And it's not good enough to send the message by mail. Since you're the
only one who really knows that it was Francis Coppola, you have to inform
the whole net right away!


Q: I read an article that said, "reply by mail, I'll summarize." What
should I do?

A: Post your response to the whole net. That request applies only to dumb
people who don't have something interesting to say. Your postings are
much more worthwhile than other people's, so it would be a waste to reply
by mail.


Q: I collected replies to an article I wrote, and now it's time to
summarize. What should I do?

A: Simply concatenate all the articles together into a big file and post
that. On USENET, this is known as a summary. It lets people read all the
replies without annoying newsreaders getting in the way. Do the same when
summarizing a vote.


Q: I saw a long article that I wish to rebut carefully, what should I do?

A: Include the entire text with your article, and include your comments
between the lines. Be sure to post, and not mail, even though your
article looks like a reply to the original. Everybody *loves* to read
those long point-by-point debates, especially when they evolve into
name-calling and lots of "Is too!" -- "Is not!" -- "Is too, twizot!"


Q: How can I choose what groups to post in?

A: Pick as many as you can, so that you get the widest audience. After
all, the net exists to give you an audience. Ignore those who suggest you
should only use groups where you think the article is highly appropriate.
Pick all groups where anybody might even be slightly interested.

Always make sure followups go to all the groups. In the rare event that
you post a followup which contains something original, make sure you
expand the list of groups. Never include a "Followup-to:" line in the
header, since some people might miss part of the valuable discussion in
the fringe groups.


Q: How about an example?

A: Ok. Let's say you want to report that Gretzky has been traded from the
Oilers to the Kings. Now right away you might think rec.sport.hockey
would be enough. WRONG. Many more people might be interested. This is a
big trade! Since it's a NEWS article, it belongs in the news.* hierarchy
as well. If you are a news admin, or there is one on your machine, try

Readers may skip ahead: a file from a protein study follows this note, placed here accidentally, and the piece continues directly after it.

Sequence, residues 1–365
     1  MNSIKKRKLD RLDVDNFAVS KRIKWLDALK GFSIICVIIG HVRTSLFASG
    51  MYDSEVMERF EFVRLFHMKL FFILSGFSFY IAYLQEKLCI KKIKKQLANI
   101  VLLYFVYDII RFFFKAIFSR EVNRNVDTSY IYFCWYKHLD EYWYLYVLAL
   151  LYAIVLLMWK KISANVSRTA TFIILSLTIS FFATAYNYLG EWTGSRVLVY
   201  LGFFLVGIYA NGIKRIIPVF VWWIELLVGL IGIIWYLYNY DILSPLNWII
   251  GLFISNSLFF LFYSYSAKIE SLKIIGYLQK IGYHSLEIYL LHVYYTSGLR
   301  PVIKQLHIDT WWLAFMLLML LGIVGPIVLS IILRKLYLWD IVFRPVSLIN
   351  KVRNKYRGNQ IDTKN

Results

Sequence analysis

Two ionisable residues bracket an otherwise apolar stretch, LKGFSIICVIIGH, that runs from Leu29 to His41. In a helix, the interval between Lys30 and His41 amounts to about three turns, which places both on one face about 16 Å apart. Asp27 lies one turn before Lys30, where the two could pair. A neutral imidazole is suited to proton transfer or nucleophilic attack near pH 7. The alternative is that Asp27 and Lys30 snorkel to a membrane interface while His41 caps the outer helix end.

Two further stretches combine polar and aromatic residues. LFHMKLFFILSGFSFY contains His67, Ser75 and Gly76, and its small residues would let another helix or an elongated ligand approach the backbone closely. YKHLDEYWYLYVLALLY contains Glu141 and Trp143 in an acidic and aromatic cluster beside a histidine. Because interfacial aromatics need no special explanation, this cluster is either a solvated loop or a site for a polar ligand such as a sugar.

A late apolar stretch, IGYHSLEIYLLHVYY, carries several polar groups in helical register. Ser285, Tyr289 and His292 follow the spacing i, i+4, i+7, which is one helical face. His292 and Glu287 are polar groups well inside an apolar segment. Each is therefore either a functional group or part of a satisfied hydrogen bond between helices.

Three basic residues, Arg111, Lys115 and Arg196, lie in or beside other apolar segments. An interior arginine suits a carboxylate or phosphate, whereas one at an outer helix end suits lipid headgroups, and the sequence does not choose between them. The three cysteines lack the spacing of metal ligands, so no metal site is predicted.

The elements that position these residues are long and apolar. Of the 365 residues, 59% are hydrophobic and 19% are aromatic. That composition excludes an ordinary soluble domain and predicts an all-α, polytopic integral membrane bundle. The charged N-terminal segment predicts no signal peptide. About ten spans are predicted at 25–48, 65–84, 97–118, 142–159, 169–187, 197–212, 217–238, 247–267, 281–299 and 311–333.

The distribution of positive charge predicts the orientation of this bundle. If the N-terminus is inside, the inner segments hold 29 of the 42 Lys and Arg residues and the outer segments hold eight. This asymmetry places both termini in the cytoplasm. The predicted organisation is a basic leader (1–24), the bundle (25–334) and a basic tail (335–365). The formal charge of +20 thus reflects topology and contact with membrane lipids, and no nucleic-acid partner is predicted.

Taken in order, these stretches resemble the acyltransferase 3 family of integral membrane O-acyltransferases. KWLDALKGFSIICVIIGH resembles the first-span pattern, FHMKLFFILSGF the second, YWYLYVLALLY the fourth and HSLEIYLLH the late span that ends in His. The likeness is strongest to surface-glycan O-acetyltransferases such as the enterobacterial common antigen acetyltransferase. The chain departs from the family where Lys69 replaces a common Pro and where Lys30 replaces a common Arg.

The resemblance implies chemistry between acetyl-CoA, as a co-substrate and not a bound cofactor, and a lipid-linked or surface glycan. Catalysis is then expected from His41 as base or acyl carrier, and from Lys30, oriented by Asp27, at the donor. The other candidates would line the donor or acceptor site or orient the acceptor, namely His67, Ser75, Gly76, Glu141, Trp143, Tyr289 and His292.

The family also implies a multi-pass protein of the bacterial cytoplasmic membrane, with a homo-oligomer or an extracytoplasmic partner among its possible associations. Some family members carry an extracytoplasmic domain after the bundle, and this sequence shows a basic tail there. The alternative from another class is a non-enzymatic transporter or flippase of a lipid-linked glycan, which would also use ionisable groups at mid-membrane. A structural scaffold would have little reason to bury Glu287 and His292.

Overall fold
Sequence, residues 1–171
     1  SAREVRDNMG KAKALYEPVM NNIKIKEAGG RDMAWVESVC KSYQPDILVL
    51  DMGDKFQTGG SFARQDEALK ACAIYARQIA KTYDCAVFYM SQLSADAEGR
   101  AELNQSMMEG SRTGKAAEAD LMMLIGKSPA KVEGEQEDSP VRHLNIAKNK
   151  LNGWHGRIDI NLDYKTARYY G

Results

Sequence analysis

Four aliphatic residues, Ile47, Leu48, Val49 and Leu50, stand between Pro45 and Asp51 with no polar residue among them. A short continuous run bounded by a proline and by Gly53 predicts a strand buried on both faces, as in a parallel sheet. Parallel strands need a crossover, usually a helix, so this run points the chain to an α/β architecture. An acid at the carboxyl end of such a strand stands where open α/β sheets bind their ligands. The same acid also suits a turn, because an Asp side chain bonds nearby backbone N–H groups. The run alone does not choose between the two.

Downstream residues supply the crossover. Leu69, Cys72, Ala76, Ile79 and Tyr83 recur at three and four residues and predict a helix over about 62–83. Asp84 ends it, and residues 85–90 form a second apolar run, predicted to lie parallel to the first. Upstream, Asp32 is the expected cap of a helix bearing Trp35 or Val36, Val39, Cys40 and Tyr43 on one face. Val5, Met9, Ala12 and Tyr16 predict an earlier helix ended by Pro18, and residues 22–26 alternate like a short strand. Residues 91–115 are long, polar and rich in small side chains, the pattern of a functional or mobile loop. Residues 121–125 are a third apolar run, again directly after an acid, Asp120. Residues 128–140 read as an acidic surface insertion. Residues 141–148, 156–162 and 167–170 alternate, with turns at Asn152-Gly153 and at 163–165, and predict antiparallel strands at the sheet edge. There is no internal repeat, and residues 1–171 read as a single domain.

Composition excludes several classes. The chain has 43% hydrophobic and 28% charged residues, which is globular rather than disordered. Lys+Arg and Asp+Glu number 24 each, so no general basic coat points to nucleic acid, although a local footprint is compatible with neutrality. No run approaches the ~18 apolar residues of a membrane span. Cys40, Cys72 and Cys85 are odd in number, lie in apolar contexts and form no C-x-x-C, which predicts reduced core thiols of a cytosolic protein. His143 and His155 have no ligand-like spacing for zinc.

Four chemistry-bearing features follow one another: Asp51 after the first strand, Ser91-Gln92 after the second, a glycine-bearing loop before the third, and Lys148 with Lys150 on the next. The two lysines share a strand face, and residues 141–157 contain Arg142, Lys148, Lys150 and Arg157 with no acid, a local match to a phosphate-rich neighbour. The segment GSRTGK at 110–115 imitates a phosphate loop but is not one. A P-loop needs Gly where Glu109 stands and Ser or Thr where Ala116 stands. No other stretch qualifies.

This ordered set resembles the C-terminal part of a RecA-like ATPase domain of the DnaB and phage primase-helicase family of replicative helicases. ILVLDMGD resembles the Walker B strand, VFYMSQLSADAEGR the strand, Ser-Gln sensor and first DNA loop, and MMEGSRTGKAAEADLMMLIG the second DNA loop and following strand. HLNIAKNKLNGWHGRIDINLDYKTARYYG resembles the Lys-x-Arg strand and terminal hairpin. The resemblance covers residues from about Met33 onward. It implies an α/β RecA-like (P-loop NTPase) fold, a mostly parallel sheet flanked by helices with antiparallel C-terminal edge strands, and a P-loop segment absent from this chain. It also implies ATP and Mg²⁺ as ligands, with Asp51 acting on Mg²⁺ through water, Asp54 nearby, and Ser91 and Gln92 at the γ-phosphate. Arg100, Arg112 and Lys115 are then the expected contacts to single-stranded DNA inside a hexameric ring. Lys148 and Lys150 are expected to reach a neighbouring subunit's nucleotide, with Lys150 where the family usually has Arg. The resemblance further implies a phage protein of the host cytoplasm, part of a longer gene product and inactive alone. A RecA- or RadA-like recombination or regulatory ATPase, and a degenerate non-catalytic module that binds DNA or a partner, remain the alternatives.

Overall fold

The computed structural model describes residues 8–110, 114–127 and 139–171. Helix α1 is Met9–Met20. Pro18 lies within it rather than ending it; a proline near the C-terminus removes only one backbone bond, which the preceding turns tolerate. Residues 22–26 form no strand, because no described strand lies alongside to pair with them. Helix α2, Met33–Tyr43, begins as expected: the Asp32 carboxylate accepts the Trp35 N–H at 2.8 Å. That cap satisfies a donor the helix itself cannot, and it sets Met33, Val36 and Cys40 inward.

news.admin. If not, use news.misc.

The Oilers are probably interested in geology, so try sci.physics. He is
a big star, so post to sci.astro, and sci.space because they are also
interested in stars. Next, his name is Polish sounding. So post to
soc.culture.polish. But that group doesn't exist, so cross-post to
news.groups suggesting it should be created. With this many groups of
interest, your article will be quite bizarre, so post to talk.bizarre as
well. (And post to comp.std.mumps, since they hardly get any articles
there, and a "comp" group will propagate your article further.)

You may also find it is more fun to post the article once in each group.
If you list all the newsgroups in the same article, some newsreaders will
only show the the article to the reader once! Don't tolerate this.


Q: How do I create a newsgroup?

A: The easiest way goes something like "inews -C newgroup ....", and while
that will stir up lots of conversation about your new newsgroup, it might
not be enough.

First post a message in news.groups describing the group. Hold discussion
for a short while, and then ask for a vote. Collect votes for 30 days.
Every few days post a long summary of all the votes so that people can
complain about bad mailers and double votes. It means you'll be more
popular and get lots of mail. At the end of thirty days if you have 100
more yes votes than no votes you may create the group.

No matter what the group, it is not necessary to get the approval of
admins at backbone sites. They will be happy to create any group if it
passes the above test.

To liven up discussion, choose a good cross-match for your hierarchy and
group. For example, comp.race.formula1 or soc.vlsi.design would be good
group names. If you want your group created quickly, include an
interesting word like "sex" or "bible." To avoid limiting discussion,
make the name as broad as possible.


Q: I cant spell worth a dam. I hope your going too tell me what to do?

A: Don't worry about how your articles look. Remember it's the message
that counts, not the way it's presented. Ignore the fact that sloppy
spelling in a purely written forum sends out the same silent messages that
soiled clothing would when addressing an audience.


Q: How should I pick a subject for my articles?

A: Keep it short and meaningless. That way people will be forced to
actually read your article to find out what's in it. This means a bigger